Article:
First, I want to acknowledge that I am lucky. Storm Dennis has done nothing worse to me and mine than drive my kids a little stir crazy and delay my train journey home from work the past couple of evenings.
But it has also given me a strange feeling of having come full circle. For just less than 3 years ago, on 23 February 2017, there was Storm Doris.
Storm Doris also had little direct impact on me, my family, or my property. I remember having to carry my then two and a half year old son the last 100 yards to his childminder because the road was blocked by a fallen tree, but that was it. I didn’t commute by train very often at the time.
Instead, I went home to sit down at my laptop and continue work on my doctoral research. But with a difference.
After about 6 months of reviewing the literature for gaps I could fill, studying methodologies that I wasn’t sure I would apply, and chasing down dead ends for data I could not access, I suddenly had a real-time opportunity. Storm Doris meant a case study. It meant data. It meant my first foray into empirical research, and eventually my first peer-reviewed publication in the Royal Meteorological Society’s journal Weather.
Three years later, I have completed my PhD, passed my viva, and, just this week, ordered hard copies of my thesis – one for the University library in Birmingham and one for my bookshelf at home. My little story about Storm Doris comprises the content of Chapter 5. Thus I have travelled from Storm Doris to Storm Dennis.
And yet, perhaps because climate change is increasing the frequency and intensity of severe weather events, these aren’t the only storms that are relevant to the trajectory of my career in transport research.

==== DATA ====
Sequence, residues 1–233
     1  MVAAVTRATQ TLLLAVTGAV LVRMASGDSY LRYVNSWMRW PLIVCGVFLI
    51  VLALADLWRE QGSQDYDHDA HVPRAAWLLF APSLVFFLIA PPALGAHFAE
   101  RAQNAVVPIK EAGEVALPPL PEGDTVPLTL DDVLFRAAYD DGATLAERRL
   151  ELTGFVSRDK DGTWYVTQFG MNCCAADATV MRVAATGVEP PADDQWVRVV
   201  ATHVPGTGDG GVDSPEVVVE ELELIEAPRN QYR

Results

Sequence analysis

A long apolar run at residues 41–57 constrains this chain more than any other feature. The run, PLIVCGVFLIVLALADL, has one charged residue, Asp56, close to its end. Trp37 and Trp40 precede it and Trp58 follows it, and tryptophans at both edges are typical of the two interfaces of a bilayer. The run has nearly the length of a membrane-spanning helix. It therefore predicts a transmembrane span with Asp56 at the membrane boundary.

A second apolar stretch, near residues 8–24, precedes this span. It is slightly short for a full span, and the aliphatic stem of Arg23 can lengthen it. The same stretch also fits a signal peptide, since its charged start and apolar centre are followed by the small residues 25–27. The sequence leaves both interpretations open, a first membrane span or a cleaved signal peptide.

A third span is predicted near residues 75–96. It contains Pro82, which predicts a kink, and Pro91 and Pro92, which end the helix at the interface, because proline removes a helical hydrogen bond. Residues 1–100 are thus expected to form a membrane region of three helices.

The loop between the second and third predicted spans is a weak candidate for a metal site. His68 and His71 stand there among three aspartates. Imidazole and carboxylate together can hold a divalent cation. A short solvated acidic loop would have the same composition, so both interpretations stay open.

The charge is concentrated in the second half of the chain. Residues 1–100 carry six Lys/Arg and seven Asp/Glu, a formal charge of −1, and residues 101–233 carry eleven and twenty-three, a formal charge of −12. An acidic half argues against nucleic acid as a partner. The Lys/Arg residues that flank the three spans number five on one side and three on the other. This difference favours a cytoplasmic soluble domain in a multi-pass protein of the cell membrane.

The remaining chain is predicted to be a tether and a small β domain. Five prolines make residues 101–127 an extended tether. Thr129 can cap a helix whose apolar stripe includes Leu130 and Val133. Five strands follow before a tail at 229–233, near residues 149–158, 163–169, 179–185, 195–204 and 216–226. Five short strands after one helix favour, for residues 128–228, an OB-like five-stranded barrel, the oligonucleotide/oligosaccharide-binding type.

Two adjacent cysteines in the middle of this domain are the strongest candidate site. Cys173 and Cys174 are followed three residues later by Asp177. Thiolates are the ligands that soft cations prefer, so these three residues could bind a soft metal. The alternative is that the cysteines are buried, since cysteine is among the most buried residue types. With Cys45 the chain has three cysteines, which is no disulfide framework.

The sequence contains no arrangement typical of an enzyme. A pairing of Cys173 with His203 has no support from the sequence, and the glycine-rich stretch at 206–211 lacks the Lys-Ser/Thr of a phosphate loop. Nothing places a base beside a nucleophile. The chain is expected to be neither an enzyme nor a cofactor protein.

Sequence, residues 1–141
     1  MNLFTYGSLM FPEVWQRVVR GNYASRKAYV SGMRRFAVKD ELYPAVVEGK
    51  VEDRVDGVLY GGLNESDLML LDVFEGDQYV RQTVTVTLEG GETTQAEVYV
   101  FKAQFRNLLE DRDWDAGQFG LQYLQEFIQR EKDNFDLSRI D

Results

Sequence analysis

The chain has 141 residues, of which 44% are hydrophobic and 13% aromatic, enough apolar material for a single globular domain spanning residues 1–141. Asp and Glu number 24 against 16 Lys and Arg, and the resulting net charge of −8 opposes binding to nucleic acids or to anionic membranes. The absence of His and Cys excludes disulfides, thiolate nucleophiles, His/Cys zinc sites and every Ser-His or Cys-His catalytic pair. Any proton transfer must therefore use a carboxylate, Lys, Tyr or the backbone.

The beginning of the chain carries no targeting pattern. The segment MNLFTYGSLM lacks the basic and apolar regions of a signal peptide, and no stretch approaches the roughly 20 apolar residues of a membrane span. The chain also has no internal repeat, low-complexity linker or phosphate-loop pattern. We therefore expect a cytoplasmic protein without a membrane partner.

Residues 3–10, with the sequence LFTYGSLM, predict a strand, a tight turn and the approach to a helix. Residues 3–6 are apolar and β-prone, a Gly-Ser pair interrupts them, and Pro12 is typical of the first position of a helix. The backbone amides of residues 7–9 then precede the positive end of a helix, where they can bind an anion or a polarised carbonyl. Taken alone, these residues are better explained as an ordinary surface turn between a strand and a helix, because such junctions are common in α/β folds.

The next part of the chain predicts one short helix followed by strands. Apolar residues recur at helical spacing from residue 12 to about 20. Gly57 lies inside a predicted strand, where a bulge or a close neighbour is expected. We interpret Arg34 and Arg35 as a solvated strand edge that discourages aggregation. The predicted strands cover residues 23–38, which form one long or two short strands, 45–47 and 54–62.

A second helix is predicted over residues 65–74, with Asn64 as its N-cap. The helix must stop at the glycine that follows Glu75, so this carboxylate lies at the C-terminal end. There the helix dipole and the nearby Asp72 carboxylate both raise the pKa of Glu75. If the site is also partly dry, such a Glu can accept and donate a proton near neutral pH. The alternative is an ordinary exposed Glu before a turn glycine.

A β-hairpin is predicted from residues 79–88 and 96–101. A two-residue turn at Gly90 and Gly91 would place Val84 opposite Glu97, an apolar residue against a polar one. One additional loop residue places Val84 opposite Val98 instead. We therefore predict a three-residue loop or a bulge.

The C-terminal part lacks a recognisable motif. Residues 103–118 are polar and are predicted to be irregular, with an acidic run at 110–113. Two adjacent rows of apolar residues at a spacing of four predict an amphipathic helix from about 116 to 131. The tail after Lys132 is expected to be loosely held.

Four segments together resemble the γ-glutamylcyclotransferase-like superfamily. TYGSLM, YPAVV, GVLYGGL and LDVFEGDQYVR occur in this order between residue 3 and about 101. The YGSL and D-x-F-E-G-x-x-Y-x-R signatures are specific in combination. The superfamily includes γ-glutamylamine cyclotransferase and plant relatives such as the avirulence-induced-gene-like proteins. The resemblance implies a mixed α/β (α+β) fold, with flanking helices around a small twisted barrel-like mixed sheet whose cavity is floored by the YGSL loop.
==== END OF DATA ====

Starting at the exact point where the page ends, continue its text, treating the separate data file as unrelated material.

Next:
Over 20 years ago, as an undergraduate, I took a seminar on environmental and climate science, and chose to write a paper investigating the likely impacts of future hurricane storm surges on the New York City subway-metro system. It was my first foray into a transport-related topic, and in 2012, following Hurricane Sandy, I learned that my paper, and the more sophisticated research of the professor that had taken that seminar, had gone from speculation and prediction to become an unwelcome reality.
Unwelcome, but not unenlightening. Hurricane Sandy taught public authorities lessons about managing resilience and emergency planning. For me, it highlighted the importance of research. Doing it, disseminating it, learning from it before reality strikes. Perhaps it even planted in me the seeds of interest in returning to academia, to research, which then bloomed a few years later when I spotted an advertisement for a doctoral researcher who would investigate a topic that included both transport and extreme weather.
Thus, although I was a PhD student for six months before Storm Doris keeping busy with plenty of preparatory work, at some level, Doris marked the start of my personal investigation into the topic. Now, it seems that Dennis marks the end. Yet I somehow doubt it is the last time a storm will take an auspicious position in my transport career.